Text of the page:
Prince: Liverpool remembers a true Icon
PRINCE & ME
By Andy Holland.
A lot will be written about Prince over the next few days. Some or most of it will consist of facts and figures, relating to his career, how many record sales he had, his accomplishments…
I don’t really want to talk about any of that. Prince was a remarkable artist. That goes without saying. A man who could play any musical instrument he laid his hands on, often better than people who spent their whole lives learning how to play one. He also had a fantastic singing voice, looked exciting, could dance his ass off, and wrote some of the most memorable songs of our times.
Prince would have stood during any period of popular music. He broke rules people didn’t even know existed. In the 1980s, to anyone growing up in the North West of England, he was like the embodiment of what rock ‘n’ roll should have become by the 1980s. He was dangerous. He provided flash and Technicolor during a very bleak time.
The 1980s were hellishly gloomy, there was stuff on the TV about imminent nuclear war and nobody seemed to have a job. Boy George famously quipped that he preferred having a nice cup of tea to having sex. Our parents had enjoyed the so-called permissive society, and what did we get? AIDS tombstones on the telly. It was as if we were paying for all the mistakes made by our parents.
But, ‘Let’s Go Crazy!’ proclaimed Prince. If the world was about to end we might as well have a huge party.
Smash Hits magazine named him the “Purple Perv”, one Radio 1 DJ relentlessly called him Princey-Boy and Poncey Boy, but it only added to his allure.
Prince’s hyper-sexuality seemed to be an act of defiance in the 1980s. Sure the poodle-rockers sung about sex but they just seemed to be just going through the motions. You wanted to laugh at their ridiculous posturing. In contrast, Prince was playful about it, and looked like he was constantly getting his freak on with whoever was up for it. He also had that age-old dichotomy of being extremely religious but drawn to sin. That made it seem all the more dangerous. His albums always featured one or two tracks that referenced God and Jesus, and in Liverpool we could relate to that, partying as we do at the weekend and then atoning for it on Sundays. That had been a vital component of rock ‘n’ roll since the very beginning.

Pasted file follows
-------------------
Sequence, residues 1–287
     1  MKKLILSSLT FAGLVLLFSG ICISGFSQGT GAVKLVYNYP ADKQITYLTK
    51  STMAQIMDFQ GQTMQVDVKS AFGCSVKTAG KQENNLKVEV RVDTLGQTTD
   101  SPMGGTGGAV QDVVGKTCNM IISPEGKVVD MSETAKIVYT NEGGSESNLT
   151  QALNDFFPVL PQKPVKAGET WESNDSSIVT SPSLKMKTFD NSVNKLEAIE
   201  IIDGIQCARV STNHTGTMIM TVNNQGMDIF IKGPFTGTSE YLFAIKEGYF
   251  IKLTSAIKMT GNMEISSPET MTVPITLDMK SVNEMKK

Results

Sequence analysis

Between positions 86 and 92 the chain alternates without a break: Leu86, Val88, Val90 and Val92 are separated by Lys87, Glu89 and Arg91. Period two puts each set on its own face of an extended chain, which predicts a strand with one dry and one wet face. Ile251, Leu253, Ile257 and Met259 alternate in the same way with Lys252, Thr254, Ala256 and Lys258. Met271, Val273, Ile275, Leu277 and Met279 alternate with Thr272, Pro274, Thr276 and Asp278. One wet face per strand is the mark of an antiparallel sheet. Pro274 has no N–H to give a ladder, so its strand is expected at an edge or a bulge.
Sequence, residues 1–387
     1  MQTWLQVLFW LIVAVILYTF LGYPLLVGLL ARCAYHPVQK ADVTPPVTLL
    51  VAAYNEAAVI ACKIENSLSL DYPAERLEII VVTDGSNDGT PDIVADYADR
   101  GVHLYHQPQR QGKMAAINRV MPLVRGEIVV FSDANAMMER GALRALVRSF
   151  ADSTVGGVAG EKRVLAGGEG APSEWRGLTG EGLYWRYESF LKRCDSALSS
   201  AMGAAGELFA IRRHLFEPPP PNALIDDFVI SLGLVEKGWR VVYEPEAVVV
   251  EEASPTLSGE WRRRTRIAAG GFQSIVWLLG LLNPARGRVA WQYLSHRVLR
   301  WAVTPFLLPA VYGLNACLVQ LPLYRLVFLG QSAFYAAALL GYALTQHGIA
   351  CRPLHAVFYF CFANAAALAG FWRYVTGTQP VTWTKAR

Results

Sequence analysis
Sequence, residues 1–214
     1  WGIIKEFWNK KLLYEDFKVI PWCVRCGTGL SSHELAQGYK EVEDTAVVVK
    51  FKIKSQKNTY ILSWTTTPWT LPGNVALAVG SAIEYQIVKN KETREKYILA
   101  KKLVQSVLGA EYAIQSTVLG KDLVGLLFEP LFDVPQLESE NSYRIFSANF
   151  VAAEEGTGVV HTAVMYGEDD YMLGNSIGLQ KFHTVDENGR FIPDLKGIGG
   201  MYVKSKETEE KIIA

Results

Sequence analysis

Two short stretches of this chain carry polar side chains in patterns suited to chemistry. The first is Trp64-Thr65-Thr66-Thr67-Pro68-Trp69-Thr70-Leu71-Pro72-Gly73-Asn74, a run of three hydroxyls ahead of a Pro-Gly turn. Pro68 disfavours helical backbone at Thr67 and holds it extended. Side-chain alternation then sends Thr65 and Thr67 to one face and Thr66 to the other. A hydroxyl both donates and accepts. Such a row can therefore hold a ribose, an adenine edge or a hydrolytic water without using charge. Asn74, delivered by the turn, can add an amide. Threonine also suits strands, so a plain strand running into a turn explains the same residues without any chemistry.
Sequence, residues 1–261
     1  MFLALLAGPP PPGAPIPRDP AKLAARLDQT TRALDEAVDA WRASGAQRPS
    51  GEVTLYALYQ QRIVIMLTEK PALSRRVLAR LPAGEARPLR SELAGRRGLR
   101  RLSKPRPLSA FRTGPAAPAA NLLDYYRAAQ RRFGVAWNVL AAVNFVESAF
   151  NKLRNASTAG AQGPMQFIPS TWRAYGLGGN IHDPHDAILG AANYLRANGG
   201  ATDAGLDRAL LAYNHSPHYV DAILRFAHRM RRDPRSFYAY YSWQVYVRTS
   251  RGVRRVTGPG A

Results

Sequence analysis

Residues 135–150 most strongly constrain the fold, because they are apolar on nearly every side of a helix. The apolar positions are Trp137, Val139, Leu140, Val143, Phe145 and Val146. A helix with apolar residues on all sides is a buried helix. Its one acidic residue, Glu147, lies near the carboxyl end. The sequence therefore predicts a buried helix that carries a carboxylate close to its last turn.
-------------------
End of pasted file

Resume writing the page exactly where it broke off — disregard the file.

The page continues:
Prince also took chances with his music that no-one else was doing, still managing to remain tuneful, and having hits. Most chart music was dull and predictable, but you never knew what Prince was going to come up with next. He seemed to be constantly in his recording studio experimenting and recording. While other artists seemed to struggle to crank out an album once every two years, Prince was rumoured to have albums worth of material ready for release every month, but they were being held back by his record label, who feared that it would ‘flood the market’. As fans we found this enormously frustrating, and we’d try to find bootleg copies of the unissued albums, often enticingly named ‘The Black Album’, ‘Chocolate Box’, ‘Camille’, for example.
Of course Prince himself was actually rumoured to have been the curator of these bootleg releases, but who knows? He was certainly unhappy with his record company for stifling his creativity, which is why he changed his name to something totally unpronounceable (and untypable), and wrote the word ‘slave’ on his face. This was an act nobody seemed to understand but we fans did. What many people seemed to conveniently forget was that Prince was a Afro-American and deeply conscious of the fact; the word ‘slave’ had a deep resonance with him and he genuinely felt like he was being treated like one by his label. His freedom as an artist was being taken away. He was first and foremost a musician and his label were preventing him from reaching his audience.
At this point some believe Prince lost his way, but Prince had always been an uncompromising artist. The fact that he was ever mainstream was the true anomaly; as a truly free spirit he wanted to follow his muse wherever it took him. The internet became one way he could reach his fans without having to worry about a label getting in his way, and he would use that and many others in the coming years still producing brilliant, challenging and inspirational music.
In 2016 we have lost too many great artists already, but the loss of Prince is shock. We can all remember him doing three hour high energy shows. It seems inconceivable that somebody that physically active could die at the age of 57, and the fact that he passed away in his recording studio proves that he was still a hugely active musician with loads more to give.
Prince – A Celebration Of His Life & Music takes place at The Buyer’s Club on Hardman Street, Liverpool on Friday 29th April 10pm – 2am.For more info on the night check out their Facebook page here